Dr. Marty Fulbright is an Orthopedic Surgeon and a provider for Marshall County Medical and Surgical Group based out of Benton, Kentucky. He grew up in South Carolina, where he experienced a lot of illness in his family, which inspired him to become a part of the medical community. Dr. Marty Fulbright is a graduate of Wofford College, in Spartanburg, South Carolina where he received his Bachelor’s Degree in Chemistry and received his MD from the Medical University of South Carolina. Marty completed his residency at the University of South Carolina, where he was there until 1999. Before moving to Kentucky, he spent time living in West Tennessee but decided that the quiet life outside of the city was a better fit, so Dr. Fulbright moved to Western Kentucky and joined Marshall County Medical and Surgical Group in 2016. He is board certified with the American Board of Orthopedic Surgery, since 2001 and is a member of the State Orthopedic Society and the American Orthopedic Association.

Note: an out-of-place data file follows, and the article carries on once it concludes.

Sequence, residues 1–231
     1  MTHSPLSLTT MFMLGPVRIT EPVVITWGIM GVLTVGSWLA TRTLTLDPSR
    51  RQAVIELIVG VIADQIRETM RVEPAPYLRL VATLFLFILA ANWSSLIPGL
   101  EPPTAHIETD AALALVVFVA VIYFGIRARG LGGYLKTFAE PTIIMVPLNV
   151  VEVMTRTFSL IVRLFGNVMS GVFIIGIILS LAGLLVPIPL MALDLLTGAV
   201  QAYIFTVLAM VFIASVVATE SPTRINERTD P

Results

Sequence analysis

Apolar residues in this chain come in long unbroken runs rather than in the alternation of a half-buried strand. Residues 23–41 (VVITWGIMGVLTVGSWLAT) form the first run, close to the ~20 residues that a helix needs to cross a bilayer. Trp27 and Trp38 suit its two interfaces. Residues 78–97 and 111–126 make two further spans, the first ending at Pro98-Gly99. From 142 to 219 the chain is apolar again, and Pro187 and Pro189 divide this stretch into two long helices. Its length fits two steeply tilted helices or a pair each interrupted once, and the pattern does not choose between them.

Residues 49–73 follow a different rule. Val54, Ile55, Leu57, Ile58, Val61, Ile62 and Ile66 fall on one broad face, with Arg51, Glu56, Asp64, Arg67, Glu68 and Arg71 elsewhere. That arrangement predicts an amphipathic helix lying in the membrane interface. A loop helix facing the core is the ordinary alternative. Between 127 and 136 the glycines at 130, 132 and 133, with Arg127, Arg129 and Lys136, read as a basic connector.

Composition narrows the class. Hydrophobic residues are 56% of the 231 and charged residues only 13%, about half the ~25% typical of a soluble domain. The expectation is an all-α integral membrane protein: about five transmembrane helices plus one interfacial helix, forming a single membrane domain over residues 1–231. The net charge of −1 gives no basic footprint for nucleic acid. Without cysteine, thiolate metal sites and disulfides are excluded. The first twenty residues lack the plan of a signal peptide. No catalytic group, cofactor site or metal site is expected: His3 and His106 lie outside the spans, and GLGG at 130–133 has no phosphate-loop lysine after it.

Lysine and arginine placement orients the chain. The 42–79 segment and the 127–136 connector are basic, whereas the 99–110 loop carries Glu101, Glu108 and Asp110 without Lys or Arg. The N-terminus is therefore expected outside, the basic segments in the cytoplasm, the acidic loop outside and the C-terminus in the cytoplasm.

When Marty isn’t juggling a medical career between his office and the operating room, he enjoys reading books about different religions, as well as a variety of eBooks and spending time with his son’s ages 17 and 18.  Marty Fulbright also loves keeping fit by working out and tinkering with things around his yard. He enjoys various types of volunteer work to help the surrounding community when his schedule allows him to do so.

Why did you choose to become a doctor?

I chose to become a doctor because I wanted to help people find ways to get better. When I was growing up, my mom suffered from Multiple Sclerosis, and my sister had a rare form of Lupus, as well as other relatives suffering from various sicknesses. So, I wanted to have the ability to heal those in the community. When I decided to go to medical school, I took a look to see which field of medicine had the best overall ratings, and that is when I discovered Orthopedics. From there, that is what I set out to do, was to get into Orthopedic Medicine.

What area do you specialize in?